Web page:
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Preparing for falling rates, Maersk Line set to invest $15bn in fleet over five years

Preparing for falling rates, Maersk Line set to invest $15bn in fleet over five years
Søren Skou, Maersk Line ceo, outlined the Danish giant's outlook for the container sector at Maersk's Capital Markets Day today and it is a massive investment programme.

The world's largest container line according to Skou faces multiple challenges: supply/demand imbalance, declining rates, the East-West challenge, and protection of its position in North-South trades.

At a simple investment level this means Maersk Line, which has not ordered any newbuildings since 2011, is lining up some significant capex for new capacity. Maersk's current orderbook is not sufficient to satisfy its own growth requirements at projected levels, falling short by around 425,000 teu by 2017-2019, or around 30 14,000 teu ships.
"We have an investment plan in Maersk line which is around $3bn per year on average for the next five years, or $15m in total. That's covering the ships, the retrofits and of course the containers, IT and other stuff.
"We'll be investing in big ships, that means ships above 10,000 teu. We believe there is a well populated and liquid charter market for ships of 10,000 teu and below," Skou explained

Looking at the task ahead for the company in more detail it is one to adapt and be in a position where it can continue to outperform its peers and be profitable, despite any future imbalance in supply and demand and with continuing downward pressure on rates.

The company's expectation is that supply/demand volatility is likely to continue, driven by companies seeking cost savings through new, larger ships, which themselves contribute to the overtonnaging problem and place pressure on rates. In the medium term however, Maersk Line forecasts actual fleet growth across the industry will be in in line with demand for 2015-2016, once the effects of scrapping and slow steaming are taken into account.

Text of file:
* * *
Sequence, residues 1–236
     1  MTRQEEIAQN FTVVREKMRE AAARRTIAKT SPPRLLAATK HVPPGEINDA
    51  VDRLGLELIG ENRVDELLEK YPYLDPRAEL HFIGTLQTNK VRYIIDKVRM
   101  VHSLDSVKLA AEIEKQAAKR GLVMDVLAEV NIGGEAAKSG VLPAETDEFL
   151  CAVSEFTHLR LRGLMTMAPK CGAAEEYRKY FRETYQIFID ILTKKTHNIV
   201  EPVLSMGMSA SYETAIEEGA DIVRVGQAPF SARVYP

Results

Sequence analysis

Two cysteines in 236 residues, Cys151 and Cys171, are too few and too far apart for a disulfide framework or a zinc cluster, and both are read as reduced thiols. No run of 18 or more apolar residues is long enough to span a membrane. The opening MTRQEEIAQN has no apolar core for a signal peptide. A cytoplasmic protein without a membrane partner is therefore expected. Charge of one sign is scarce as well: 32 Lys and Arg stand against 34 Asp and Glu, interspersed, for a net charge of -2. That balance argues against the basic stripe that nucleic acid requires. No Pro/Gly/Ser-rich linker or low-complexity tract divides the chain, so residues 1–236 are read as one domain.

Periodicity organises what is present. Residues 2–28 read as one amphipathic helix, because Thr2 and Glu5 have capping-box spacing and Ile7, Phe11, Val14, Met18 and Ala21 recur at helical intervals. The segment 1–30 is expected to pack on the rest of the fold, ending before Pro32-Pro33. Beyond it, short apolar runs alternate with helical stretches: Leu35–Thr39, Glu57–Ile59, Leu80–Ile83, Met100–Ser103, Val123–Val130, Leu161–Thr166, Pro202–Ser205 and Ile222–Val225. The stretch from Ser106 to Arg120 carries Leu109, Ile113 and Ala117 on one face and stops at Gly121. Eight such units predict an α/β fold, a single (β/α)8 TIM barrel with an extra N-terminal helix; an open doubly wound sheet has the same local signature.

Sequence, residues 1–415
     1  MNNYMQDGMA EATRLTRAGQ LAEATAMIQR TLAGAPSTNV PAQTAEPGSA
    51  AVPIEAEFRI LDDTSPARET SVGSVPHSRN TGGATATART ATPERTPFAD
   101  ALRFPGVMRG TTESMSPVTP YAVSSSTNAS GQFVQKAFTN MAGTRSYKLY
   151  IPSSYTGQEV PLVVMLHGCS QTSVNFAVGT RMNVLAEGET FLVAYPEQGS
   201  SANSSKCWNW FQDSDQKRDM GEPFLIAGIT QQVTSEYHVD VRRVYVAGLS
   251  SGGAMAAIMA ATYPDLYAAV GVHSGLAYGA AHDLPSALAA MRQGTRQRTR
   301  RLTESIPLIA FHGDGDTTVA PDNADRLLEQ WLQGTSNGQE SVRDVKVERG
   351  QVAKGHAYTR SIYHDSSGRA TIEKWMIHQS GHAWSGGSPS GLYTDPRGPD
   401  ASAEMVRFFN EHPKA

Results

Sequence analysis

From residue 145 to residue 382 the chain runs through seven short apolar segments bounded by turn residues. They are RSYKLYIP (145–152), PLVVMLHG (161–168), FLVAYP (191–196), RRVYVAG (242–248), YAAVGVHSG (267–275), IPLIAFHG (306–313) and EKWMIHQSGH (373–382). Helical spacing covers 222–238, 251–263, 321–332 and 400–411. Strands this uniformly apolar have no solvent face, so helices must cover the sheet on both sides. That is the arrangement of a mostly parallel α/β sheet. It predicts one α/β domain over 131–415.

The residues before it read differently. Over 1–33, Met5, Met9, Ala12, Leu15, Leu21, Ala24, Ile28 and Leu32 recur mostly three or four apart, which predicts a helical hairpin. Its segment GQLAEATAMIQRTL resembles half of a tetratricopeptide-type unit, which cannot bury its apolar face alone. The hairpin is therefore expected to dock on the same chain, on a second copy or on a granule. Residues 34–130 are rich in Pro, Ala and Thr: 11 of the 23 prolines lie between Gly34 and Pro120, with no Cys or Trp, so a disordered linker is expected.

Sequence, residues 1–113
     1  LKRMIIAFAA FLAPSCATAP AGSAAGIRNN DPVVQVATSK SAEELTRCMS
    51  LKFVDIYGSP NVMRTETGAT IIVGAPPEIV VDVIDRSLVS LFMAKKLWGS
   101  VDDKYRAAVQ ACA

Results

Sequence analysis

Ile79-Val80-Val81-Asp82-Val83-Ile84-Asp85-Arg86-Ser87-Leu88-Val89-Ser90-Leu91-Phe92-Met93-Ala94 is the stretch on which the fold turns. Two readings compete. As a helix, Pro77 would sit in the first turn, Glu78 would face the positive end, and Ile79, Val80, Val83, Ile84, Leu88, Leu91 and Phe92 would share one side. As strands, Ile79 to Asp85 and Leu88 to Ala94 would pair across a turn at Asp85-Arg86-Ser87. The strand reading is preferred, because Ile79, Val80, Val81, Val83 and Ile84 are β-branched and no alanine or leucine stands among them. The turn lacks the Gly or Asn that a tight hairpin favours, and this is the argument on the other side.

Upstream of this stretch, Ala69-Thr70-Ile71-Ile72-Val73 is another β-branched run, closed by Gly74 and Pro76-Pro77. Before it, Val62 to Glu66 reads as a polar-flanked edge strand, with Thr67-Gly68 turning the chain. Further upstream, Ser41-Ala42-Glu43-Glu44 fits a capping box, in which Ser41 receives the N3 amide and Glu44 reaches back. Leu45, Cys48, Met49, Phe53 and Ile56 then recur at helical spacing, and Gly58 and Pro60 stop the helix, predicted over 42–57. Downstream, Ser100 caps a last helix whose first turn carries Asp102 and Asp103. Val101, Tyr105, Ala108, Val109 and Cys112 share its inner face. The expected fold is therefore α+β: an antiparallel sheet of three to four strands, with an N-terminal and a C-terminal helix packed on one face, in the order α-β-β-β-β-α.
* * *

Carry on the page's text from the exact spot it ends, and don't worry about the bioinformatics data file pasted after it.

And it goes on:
"That does not however change our long term view of the business. If we look back in history ten years to 2004, prices [rates per teu] have come down 2% per year, if you look from 2008 then the trend has been 5% per year. What it means for us as Maersk Line is that we cannot build a business on the hope that prices will go up. There is absolutely no historic basis for such a hope," Skou stated.

Referring to the East-West trades of Europe-Asia, Asia-America and transatlantic trades as "the old trades" and "structurally unsound", Skou explained that margins in those trades have been low at around 2%, with growth of 3-4%. That low growth, according to Skou, is an important factor when the orderbook is taken into account as it is composed of a number of 10,000+ teu ships destined for the East-West loops.

Skou also saw pressure from competition in Maersk Line's "stronghold" of yhe North-South trades, where it enjoys higher margins. That pressure is increased by ships cascading from East-West trades as they are displaced by newer, larger ships.

"What are we going to do about it? In terms of supply and demand imbalance we are going to continue what we are doing - staying the course and being disciplined with deploying new capacity. Our strategy will continue to be to grow with the market.

"In terms of declining freight rates in our view there is only one strategy that works in this scenario - lowest cost will win. We will continue to have a deflationary mindset," he said, adding that the toolbox of efficiency measure includes route optimisation, utilisation improvements, retrofits and larger vessels.

One other tool in reducing costs is "speed equalisation" whereby the current slow steaming method of a fast headhaul and very slow backhaul is replaced by a more fuel efficient balance of speed between the outward and return journeys.

"On the East-West we will implement 2M, hopefully... and finally we are absolutely committed to protecting our position in the North-South trade by having the lowest cost and the best product and best organisation on the ground."